-->
Music

Sparta: Threes

Sparta allows the "art" to return to the "rock," to decidedly mixed results.


Sparta

Threes

Label: Hollywood
US Release Date: 2006-10-24
UK Release Date: Available as import
Amazon
iTunes

I think it's safe to say at this point that At the Drive-In has officially disintegrated into little, disparate, utterly unrecognizable bits. Just as any vestige of that previous band was utterly obliterated by this year's Mars Volta release, the latest release from Sparta sees the less prog-inclined side of At the Drive-In finding a decidedly quieter, more refined, radio-ready sound than they've ever tried before. With Threes, Sparta sounds as though it has finally come to terms with the split, allowing the "art" to ever-so-quietly return to the "rock," and drawing comparisons to Radiohead and U2 in the process.

In drawing comparisons to such established and well-regarded behemoths of the industry, however, it's also easy to see just how far Sparta still has to travel to find their own identity and truly break from the ghosts of the past, to break from a fanbase that still, deep down, wants this band to be something it's not. If anything on Threes can make that break, it's the final track, a little ditty called "Transitions" that sounds an awful lot like the "Rain down on me" section of Radiohead's own "Paranoid Android". It's a quiet, contemplative tune in 6/8 (the perfect time signature for swaying back and forth) that happens to have some surprisingly inventive chord progressions and the equally surprising sound of a soulful female vocalist, one Merry Clayton, backing vocalist on such classics as "Gimme Shelter" and "Sweet Home Alabama". Clayton's inclusion does not go to waste, to be sure -- her vocals start as simple backing lines, counterpointing Jim Ward's restrained performance, but by the end, she goes all "Great Gig in the Sky" on us, letting her voice wail as only a true gospel talent can. It's a fabulous closer, and anyone who doesn't hold out to the end of Threes will be missing something truly revelatory, at least as far as Sparta songs go.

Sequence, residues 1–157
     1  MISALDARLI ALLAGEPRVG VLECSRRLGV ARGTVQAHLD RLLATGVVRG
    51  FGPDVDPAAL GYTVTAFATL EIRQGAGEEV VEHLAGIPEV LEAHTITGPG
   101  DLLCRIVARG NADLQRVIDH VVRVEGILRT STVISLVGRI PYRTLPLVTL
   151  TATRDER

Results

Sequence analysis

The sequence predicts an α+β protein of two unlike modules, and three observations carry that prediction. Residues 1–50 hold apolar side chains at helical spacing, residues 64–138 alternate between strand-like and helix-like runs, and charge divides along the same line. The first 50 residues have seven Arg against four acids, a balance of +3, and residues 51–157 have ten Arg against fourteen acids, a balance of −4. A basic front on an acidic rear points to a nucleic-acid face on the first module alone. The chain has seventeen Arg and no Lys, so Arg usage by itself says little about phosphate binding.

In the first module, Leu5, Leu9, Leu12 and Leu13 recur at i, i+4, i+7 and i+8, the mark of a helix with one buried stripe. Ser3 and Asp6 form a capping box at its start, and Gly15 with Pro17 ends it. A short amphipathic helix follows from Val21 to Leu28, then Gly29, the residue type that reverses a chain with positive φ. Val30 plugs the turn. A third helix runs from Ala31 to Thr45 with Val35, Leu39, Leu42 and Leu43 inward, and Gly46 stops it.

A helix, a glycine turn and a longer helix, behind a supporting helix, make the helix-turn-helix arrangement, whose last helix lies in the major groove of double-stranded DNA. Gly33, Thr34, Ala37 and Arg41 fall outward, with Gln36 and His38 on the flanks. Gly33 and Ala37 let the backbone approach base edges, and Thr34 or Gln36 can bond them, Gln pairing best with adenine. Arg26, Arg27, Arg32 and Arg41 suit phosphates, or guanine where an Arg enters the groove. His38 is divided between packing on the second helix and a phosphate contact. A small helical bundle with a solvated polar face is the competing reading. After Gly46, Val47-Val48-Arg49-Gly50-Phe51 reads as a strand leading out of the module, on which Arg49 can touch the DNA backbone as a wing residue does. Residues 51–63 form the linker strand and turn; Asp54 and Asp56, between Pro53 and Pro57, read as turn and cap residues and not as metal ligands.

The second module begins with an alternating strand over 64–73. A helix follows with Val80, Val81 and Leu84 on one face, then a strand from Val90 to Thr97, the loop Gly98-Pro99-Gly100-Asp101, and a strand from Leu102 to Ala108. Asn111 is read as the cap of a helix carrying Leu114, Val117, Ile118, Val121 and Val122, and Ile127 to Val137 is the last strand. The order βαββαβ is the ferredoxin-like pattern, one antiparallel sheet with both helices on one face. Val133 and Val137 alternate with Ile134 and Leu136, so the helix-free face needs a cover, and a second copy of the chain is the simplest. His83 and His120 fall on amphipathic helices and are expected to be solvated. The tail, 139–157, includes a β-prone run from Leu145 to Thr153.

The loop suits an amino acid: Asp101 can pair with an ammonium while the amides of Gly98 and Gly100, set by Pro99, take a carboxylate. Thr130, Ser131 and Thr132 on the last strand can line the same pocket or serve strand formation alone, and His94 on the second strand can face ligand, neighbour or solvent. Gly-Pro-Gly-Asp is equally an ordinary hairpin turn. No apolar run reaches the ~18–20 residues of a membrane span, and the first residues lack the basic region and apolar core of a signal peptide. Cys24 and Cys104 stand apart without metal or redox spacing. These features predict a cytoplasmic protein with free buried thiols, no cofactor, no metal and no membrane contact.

Of course, to get to the end of Threes is not necessarily an easy task, for in order to do so we must traverse eleven other tracks, songs rife with modern rock clichés and a surprising lack of energy. "Atlas" is, I think, meant to sound epic, what with its slow-burning structure, endless-chant-to-fadeout coda and the less-prominent presence of the aforementioned Clayton, but it's a little too slow, a little too dreary to inspire anything past indifference. That another slow-burn follows "Atlas" (this time the not-all-that-vicious "The Most Vicious Crime") doesn't help the sleepytime vibes. I admittedly like the way that "Red.Right.Return. (Straight in Our Hands)" begins and ends with a fade-in and fade-out of the same drumbeat, but the stuff in the middle is equally unexciting.

And so on and so forth. There's not much to sing along to, there's not much to get emotionally attached to, and there's definitely not much to admire from a technical standpoint. So what's left?

Well, when Sparta turns to rage, they can still rage with the best of the rock radio bands around today -- first single "Taking Back Control" is actually pretty catchy (in a "screaming your lungs out" sort of way), and has deservedly managed to snag the band the best chart positions it's yet seen for a single. Call and response vocals between Ward and new member Keeley Davis seal the deal, also unintentionally emphasizing how much better the album might have been if Davis were allowed to stretch himself out a little more (though his quieter instrumental influence is all over the album). The chorus of "Weather the Storm" is similarly explosive, the kind of song passage that makes you feel like the wind's hitting your face and you keep traveling faster and faster until...well, until Jim Ward's Bono-esque vocal histrionics on the verse and the overlong bridge put on the brakes. But hey, did I mention that chorus?